Metropolis Magazine - Metropolis Magazine January 2008
As rendered, a strangely organic yet unfamiliar form stretches across a valley on Russia’s Lake Ladoga and sweeps down into the water, seeming to take a deep breath along the way. This unconventional structure is London-based Chetwood Associates’ attempt to shift the definition of a wind-energy source. “We want to concentrate and capture the wind to get a much more…
More information on people, places, and products covered in this issue of Metropolis.
Why are sustainable ideas rarely recognized by mainstream design awards programs?
A new exhibition at the Cranbrook Art Museum depicts Eero Saarinen as an architect way ahead of his time.
EcoDomo’s new tiles are made in South America from BMW car-seat scraps, then hand-stitched by Amish artisans.
An environmental learning center—nestled into a rustic 250-acre nature preserve—plays a dual role as symbol and teaching tool.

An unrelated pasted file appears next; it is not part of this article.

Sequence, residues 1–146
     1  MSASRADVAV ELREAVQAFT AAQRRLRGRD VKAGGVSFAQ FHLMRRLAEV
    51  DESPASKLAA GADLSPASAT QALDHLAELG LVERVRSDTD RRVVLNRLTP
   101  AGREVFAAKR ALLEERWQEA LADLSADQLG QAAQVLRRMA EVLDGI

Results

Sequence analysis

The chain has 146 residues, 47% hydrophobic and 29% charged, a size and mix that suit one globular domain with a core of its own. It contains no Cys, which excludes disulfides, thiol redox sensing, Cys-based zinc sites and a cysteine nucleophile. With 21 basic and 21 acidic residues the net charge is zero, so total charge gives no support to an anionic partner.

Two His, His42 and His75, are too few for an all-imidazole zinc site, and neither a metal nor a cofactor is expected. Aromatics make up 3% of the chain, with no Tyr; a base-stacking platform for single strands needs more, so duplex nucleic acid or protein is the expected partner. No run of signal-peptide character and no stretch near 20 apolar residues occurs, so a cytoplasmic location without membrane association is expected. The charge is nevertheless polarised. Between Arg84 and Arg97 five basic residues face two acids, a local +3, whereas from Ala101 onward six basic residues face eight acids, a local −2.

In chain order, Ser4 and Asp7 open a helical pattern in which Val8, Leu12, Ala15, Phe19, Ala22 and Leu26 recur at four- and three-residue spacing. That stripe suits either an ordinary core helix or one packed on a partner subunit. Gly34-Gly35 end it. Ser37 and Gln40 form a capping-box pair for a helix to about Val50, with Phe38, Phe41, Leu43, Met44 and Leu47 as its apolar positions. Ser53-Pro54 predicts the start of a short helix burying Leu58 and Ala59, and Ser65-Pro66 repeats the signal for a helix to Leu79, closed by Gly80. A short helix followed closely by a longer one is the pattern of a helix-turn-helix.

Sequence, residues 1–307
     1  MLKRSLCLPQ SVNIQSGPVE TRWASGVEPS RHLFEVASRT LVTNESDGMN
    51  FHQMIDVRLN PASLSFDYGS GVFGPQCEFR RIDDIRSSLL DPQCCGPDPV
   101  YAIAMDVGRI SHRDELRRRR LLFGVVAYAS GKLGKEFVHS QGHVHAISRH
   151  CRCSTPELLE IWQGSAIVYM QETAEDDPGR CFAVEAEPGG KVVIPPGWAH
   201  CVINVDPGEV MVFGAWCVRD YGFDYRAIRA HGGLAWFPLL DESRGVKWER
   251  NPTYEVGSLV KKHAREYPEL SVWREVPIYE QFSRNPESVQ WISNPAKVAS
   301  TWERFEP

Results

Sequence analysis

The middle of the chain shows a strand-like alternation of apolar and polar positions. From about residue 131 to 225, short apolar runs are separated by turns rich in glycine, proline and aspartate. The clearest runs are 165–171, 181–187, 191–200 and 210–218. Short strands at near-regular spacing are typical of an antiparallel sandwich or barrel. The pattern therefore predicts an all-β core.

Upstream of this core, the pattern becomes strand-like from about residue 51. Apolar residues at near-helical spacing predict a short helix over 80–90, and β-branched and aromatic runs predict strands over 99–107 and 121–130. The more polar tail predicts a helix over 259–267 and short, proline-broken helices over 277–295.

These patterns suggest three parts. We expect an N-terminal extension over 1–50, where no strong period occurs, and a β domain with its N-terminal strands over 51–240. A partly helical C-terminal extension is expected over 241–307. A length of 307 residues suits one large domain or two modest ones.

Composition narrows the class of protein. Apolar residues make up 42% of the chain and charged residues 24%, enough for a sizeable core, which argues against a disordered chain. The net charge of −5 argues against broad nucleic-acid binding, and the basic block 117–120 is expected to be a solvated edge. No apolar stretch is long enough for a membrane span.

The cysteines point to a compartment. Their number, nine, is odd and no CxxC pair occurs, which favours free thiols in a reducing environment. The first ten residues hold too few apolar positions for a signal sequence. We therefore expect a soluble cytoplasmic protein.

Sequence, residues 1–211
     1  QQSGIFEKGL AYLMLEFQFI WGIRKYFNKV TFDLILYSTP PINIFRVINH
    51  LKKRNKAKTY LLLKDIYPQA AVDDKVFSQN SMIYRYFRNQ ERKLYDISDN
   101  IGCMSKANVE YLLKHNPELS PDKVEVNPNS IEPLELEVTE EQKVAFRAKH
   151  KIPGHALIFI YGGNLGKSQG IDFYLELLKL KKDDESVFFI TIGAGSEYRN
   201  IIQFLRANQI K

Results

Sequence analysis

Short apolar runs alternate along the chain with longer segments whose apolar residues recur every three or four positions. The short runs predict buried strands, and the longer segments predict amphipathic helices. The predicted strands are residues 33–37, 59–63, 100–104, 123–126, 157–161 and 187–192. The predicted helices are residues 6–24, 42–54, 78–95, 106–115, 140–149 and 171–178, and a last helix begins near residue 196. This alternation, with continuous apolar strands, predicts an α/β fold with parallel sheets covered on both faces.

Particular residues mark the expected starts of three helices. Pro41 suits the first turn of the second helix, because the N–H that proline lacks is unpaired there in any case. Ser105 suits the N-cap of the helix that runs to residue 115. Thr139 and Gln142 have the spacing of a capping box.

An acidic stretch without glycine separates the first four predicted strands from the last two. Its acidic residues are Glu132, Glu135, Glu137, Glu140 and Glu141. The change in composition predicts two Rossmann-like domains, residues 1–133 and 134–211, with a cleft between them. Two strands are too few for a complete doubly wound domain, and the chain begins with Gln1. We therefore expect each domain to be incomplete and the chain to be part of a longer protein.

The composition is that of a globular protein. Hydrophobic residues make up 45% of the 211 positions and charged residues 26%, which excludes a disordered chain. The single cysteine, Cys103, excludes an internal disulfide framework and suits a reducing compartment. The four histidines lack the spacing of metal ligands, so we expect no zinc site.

A graduate program at the School of Visual Arts trains the next generation of design critics.
Two young architects bring a down-to-earth brand of tropical Modernism to the balmy Mexican coast.
By teaming its architecture and interiors divisions from the outset, SOM raises the bar on green building.
A telecom giant courts public approval with artful, technically innovative tower designs.
SANAA’s New Museum makes compelling use of an elemental form.
Jonathan Olivares’s Smith is a file cabinet, stool, and table—all in one.
Evo Design’s new kitchenware line is made from recycled plastic.
An architect best known for teaching and theory builds his first project—a Mies-inspired glass house—as a vessel for the disappearing self.
The principles of green design dovetail almost perfectly with the organic process of fine wine-making.
Former NEA design director Jeff Speck talks with Maurice Cox, the architect recently selected to succeed him.
A chronic problem with employee retention led this pragmatic client to building green.
Three experts look at the green strategies behind a model apartment created as a showcase for sustainable thinking.
Could a minimalist structure on a deadly stretch of highway help save lives?
Philadelphia, a city of tiny row houses, might be just the place to build a new version of the American dream: green and affordable.